After another mile (1.6 km), the trail comes to an end at the Navajo Loop Trail.  You can either travel through Wall Street (very cool!) or you can go past the Two Bridges.  I love Wall Street (you can read about that here) but the trail was closed, so we opted to hike up past the Two Bridges.

 

Hoodoos and trees, Navajo Trail, Bryce Canyon National Park, Utah

Are the trees sticking out of the hoodoos…or just behind them?

 

The Twin Bridge, Navajo Trail, Bryce Canyon National Park, Utah

The Twin Bridges

 

Switchbacking back up to Sunset Point - it's actually much worse than this. Navajo Trail, Bryce Canyon National Park, Utah

Switchbacking back up to Sunset Point – it’s actually much worse than this 🙂

 

Hoodoos from Sunset Point, Navajo Trail, Bryce Canyon National Park, Utah

Hoodoos from Sunset Point

 

From here, it’s a pretty walk along the rim back to Sunrise Point (or you can take the free shuttle if it’s running).  Along the trail, the sign designers decided to add a little humor:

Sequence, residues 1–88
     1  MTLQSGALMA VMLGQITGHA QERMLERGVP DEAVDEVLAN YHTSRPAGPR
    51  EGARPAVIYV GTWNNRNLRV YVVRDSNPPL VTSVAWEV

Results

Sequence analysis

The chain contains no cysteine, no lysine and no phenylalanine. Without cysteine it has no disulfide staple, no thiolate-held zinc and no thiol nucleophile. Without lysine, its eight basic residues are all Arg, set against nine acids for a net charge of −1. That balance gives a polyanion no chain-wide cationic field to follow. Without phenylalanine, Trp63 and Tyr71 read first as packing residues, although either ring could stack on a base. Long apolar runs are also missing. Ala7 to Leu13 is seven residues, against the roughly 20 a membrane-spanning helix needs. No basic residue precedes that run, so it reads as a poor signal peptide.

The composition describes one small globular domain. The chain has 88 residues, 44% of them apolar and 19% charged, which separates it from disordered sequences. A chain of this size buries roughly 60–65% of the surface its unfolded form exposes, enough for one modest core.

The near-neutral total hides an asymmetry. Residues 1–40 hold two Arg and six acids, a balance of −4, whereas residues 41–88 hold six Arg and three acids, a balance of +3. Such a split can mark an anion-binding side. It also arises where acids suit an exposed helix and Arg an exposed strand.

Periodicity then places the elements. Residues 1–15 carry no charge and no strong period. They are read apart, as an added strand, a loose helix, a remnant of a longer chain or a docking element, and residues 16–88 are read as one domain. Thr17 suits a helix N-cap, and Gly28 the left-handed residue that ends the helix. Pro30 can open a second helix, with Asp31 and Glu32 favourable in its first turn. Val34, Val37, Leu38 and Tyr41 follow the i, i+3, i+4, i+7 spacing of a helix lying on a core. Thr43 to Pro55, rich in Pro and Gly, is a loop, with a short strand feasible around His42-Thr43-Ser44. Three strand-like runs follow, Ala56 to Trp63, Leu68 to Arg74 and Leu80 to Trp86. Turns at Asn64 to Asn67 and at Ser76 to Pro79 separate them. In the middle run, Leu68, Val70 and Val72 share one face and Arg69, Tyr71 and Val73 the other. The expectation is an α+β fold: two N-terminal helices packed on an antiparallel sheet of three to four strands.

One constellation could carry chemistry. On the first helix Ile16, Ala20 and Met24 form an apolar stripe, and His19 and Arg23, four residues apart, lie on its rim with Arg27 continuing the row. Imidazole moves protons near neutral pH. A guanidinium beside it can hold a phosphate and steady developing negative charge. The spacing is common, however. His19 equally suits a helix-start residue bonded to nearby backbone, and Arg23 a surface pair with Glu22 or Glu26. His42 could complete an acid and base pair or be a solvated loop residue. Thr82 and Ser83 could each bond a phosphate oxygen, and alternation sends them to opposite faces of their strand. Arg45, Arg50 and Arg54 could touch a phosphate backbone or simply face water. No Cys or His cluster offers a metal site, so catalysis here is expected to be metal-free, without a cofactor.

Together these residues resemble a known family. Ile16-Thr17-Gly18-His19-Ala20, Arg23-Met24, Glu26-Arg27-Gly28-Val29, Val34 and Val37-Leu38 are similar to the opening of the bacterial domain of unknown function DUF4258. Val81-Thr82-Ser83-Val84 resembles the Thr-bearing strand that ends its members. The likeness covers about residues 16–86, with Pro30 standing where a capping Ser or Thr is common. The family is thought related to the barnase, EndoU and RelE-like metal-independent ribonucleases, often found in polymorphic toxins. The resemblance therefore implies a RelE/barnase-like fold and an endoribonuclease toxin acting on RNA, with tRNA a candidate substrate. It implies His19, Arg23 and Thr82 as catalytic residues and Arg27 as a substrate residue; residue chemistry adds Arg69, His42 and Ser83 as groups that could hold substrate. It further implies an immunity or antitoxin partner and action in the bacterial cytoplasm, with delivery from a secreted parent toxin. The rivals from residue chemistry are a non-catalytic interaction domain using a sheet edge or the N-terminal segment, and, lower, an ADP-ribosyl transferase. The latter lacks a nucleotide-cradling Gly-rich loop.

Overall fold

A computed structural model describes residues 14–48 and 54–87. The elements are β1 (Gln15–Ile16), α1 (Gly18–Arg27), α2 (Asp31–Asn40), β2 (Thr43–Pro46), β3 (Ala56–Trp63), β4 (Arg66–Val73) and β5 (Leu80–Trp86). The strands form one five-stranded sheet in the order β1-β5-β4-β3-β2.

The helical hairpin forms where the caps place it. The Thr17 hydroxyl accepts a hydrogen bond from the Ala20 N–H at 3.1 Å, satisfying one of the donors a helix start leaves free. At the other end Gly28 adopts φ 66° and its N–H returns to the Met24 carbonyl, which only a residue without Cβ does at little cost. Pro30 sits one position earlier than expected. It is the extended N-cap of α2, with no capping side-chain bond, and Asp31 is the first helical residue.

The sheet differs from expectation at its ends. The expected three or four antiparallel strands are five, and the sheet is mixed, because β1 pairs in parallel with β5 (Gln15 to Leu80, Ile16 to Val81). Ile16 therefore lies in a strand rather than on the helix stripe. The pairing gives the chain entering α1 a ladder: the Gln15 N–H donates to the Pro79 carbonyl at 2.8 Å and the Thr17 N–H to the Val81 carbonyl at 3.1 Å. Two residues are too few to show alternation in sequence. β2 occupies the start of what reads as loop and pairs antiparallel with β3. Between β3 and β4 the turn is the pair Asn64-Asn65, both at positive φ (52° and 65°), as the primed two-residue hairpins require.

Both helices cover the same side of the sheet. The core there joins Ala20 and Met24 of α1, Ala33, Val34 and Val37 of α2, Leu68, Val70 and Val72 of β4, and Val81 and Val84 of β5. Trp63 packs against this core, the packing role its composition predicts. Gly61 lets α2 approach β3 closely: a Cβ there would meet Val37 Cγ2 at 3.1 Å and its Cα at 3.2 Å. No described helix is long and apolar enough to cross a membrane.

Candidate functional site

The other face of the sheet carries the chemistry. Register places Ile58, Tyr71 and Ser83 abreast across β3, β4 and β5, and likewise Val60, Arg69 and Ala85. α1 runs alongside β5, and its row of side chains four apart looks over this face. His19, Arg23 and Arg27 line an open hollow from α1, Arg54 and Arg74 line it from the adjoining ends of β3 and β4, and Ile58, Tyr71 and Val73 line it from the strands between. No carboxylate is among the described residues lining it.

Funny Sign...Attention, Dogs... Along the Rim Trail, Bryce Canyon National Park, Utah

Attention, Dogs…

 

Round Trip Trail Length: About 3.6 miles (5.8 km) (see important information)

Highest Point: 8,042 ft. (2,451 m)

Lowest Point: 7,423 ft. (2,262 m)

Net Elevation Gain / Loss: 619 ft. (188 m)

Facilities: Restrooms at both Sunrise and Sunset Points; also a snack shop, showers, and who-knows-what-all at Sunrise Point.

Fees: $25 to enter Bryce National Park, valid 7 days.  America the Beautiful (Interagency), Senior (Golden Age), Access (Golden Access), Volunteer, Military, and Bryce Annual Passes also accepted.

Trail ★★★☆☆

Road ★★★★☆

Signs ★★★★★

Scenery ★★★★★

Would I go 100 miles out of my way for this? ★★★★★

Overall Rating: ★★★★½

Key GPS Coordinates for the Queens Garden Trail